Roseburn Street, with its industrial units, Victorian primary school and modern sweep of stairs down from the tram stop, was the unlikely setting for a new dawn for Scottish sports fans.
But for the masses huddled in neatly spaced rows snaking up to Murrayfield’s eastern entrance that is exactly how it felt at Friday tea time.
When the first beeps of tickets being scanned and clicks of turnstiles began at exactly 6.30pm there was a feeling of entering into the unknown.
How would the seating arrangement work?
Would people be able to queue while abiding by their two-metre distance?
Would it feel uncomfortable being around several hundred people again after months spent indoors or only able to able to see our nearest and dearest at arm’s length?
Above all how would this ritual, this totem of our social lives, feel after all we have been through. All we have lost and all we now know of the virus that has turned our world upside down?
Entry to the ground was none too different to the old ways – all the way back on March 8 when Murrayfield last welcomed supporters to a match.
At that time, 67,144 saw Scotland end France’s Six Nations Grand Slam hopes.
On Friday night just 700 fans were handing over tickets to be scanned before carefully pushing through the turnstile – being careful not to touch the metal surfaces along the way.
Face coverings were mandatory throughout the grounds – inside and out of the stadium – save for the simple matchday pleasure of a burger and chips and a bottle of juice of course.
Three food trucks – contactless payment only – served as the primary gathering spot for the lucky season ticket holders, who had been selected to attend in a ballot of those who live within a five mile radius of Scotland largest stadium.
With half an hour until kick off it still had the feel of a small gathering – a school cup final or a stadium tour. It dawned that within the vast open space around Murrayfield some 700 punters was going to feel very small indeed.
Stewards, merrily welcoming people back to live sport after the long wait, were stationed at every conceivable pinch point. Stairwells, toilets, vomitories were patrolled by the cheery men and women in day-glow yellow overcoats.
A trip to the loo – the only truly confined space in the stadium – was simple, with clear markings to ensure distancing inside and out.
Each toilet was appointed three staff in full personal protective equipment – face mask, visor, gloves and apron. One each on the entrance and exits and another circling round wiping down every hard surface in sight on a constant loop. At first jarring, but ultimately reassuring that nothing was being left to chance
Entering the east stand, which can house a capacity of 12,000 in usual times, finding your seat was no different to before. Gone though was the awkward shuffling past fellow fans in your row.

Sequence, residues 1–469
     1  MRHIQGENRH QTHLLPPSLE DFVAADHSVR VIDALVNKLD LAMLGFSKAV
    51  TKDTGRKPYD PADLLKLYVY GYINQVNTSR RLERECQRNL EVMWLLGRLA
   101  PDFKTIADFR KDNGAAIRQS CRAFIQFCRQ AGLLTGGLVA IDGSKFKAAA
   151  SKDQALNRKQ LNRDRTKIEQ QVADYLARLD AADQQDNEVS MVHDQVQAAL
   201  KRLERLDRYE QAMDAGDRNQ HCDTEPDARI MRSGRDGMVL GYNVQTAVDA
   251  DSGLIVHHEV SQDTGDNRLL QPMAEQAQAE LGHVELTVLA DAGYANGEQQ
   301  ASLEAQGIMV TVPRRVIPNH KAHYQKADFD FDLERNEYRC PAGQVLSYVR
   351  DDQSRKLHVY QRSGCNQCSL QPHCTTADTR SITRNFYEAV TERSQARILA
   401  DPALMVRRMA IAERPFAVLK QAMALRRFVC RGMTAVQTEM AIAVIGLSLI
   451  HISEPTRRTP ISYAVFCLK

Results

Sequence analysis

Each occupied seat had two clear rows in front and behind. Another spectator was sat one row back but four or five seats to the right and left. Cable ties ensured that spaces that were not to be used could not be commandeered to let friends sit closer by.
This had the most profound effect on the atmosphere as the usual throng of conversation and the rising volume that comes with the anticipation before kick off simply failed to materialise.
In fact the loudest voices in the whole of Murrayfield were coming from the field where the players were barking instructions and encouragement to each other, each utterance echoing around the enclosure.
Shouts of encouragement from the terraces were lonely and flat. The distance between people flattened the common purpose of a crowd – that when huddled together people become one anonymised mass of support.
There was familiarity as well. The team lines being bombastically read out by the public announcer. The ubiquitous music greeting the players’ entrance and stoppages in play.
The match itself was far from a classic affair as an Edinburgh side with more than one eye on next week’s semi-final turned in an error-strewn display against a Glasgow Warriors team with nothing to play for but pride.
Above all perhaps, the exasperated rolls of eyes between the masked fans was the most comforting reminder of the shared emotions of watching your team. Both pain and pleasure amplified in congregation.
The final whistle sounded and the spectators were ushered out one row at a time – back rows first – and solemnly the 700 made their way into the chill Edinburgh night.
Within two blocks of the stadium the streets were already virtually empty. Conversations – inquests into Edinburgh’s defeat – were hushed.
No fan will have left the ground on Friday night unaware that they were privileged to have helped lead the way towards some form of normality at live sporting events.
It was strange, it was different and if you dwelled upon the changes, it felt uncomfortable.
But it was also reassuring and familiar enough to know that – for however long we have to live with this new social landscape – it is worth fighting hard to get more grounds open and more fans into those grounds.